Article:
“Tax is important for the country, so that even those that are in business, who… want to be assisted by government, there must be an understanding that money is taken from tax,” she told a media briefing at the national SMME policy colloquium in Johannesburg.
“However, the tax burden that small and medium enterprises have been complaining about, we do need to address it.”
Government understood their concerns, but a situation could not exist where small and medium enterprises paid no tax at all just because they were small or medium enterprises.
“But it’s even beyond just the tax burden. It’s also about the filling of the forms, the way they have to do this thing. It’s very difficult for small and medium enterprises,” Zulu said.
Small and medium enterprises needed to be educated on why it was necessary for them to pay tax.
“I pay 40 percent tax, that’s a very high amount, but at the end of the day I pay that tax because I see the returns,” the minister said.
Government used taxes to create a conducive business environment and infrastructure, with the money needing to come from somewhere.
Earlier, Zulu said her department stood by the national government’s position on e-tolls while the e-toll advisory panel continued its work.
“We’ve got a national government position on that [e-tolls] but there is a process there,” she said.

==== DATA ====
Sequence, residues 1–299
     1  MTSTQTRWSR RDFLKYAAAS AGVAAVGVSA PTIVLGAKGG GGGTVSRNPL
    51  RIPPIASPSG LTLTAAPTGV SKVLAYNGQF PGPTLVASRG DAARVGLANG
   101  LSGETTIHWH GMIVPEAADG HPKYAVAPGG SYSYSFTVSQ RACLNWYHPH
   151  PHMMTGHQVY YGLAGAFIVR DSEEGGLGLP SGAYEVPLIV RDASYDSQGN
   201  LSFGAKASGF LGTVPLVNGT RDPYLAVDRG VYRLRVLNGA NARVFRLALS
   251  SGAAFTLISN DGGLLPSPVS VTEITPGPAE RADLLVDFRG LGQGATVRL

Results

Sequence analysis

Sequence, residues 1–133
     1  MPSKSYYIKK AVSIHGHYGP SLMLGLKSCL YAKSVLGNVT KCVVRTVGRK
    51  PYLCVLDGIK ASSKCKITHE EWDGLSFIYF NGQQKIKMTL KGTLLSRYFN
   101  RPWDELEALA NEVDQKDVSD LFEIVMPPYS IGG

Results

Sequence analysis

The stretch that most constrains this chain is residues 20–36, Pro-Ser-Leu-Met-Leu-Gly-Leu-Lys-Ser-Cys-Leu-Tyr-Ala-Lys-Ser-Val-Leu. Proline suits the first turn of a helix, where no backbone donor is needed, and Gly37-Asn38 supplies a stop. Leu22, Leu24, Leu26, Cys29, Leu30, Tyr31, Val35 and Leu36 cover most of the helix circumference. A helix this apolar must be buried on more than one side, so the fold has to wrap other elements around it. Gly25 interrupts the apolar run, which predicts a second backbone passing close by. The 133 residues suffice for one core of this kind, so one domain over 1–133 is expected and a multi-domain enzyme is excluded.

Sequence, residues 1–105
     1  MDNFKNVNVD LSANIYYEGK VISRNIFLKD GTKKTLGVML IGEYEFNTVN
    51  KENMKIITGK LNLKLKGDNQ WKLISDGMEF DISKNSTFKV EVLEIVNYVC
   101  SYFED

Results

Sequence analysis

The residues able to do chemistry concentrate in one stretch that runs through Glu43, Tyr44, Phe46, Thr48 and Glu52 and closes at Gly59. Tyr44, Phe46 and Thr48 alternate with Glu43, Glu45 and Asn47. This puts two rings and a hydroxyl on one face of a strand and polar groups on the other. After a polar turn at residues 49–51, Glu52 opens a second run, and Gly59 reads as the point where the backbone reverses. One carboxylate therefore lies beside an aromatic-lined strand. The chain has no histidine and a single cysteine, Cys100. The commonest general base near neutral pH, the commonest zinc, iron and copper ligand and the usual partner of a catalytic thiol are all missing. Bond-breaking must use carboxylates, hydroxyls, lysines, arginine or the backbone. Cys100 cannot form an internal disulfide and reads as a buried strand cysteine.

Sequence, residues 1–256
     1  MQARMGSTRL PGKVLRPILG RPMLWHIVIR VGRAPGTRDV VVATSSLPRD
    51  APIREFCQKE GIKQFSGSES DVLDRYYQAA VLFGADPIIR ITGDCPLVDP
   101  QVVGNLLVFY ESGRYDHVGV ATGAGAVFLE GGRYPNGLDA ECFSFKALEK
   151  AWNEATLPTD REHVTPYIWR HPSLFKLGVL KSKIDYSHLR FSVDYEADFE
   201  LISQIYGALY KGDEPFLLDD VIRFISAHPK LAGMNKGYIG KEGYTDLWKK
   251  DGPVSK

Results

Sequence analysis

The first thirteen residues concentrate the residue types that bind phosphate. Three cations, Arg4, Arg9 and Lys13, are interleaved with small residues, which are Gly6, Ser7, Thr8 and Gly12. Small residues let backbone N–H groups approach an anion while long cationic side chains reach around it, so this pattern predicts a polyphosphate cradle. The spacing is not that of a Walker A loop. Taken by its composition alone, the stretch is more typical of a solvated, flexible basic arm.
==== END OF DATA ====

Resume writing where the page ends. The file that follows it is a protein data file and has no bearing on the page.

“The panel is ongoing and everybody has got the right to go to that panel and make their presentations. We’ll wait for that process to go through.”
Business Day newspaper reported on Monday that the SA National Roads Agency Limited (Sanral) as well as the department of transport would make representations to the panel in November.
Transport Minister Dipuo Peters told the newspaper that the department and Sanral would face the panel to “clear the distortions” about the electronic tolling of Gauteng highways.
The newspaper reported that Peters had previously said the panel did not have power over the national government.
In July, Gauteng premier David Makhura commissioned the review panel, which has been tasked with assessing the socio-economic impact of e-tolls.
Since then, motorists and organisations have made submissions to the panel.
Chairman of the African National Congress in Gauteng, Paul Mashatile, told the panel that urban tolling would “kill the economy” and that the current system needed to be reviewed.
However, he encouraged users to continue to pay their e-toll accounts during the review process.
The panel is due to present its findings to Makhura at the end of November.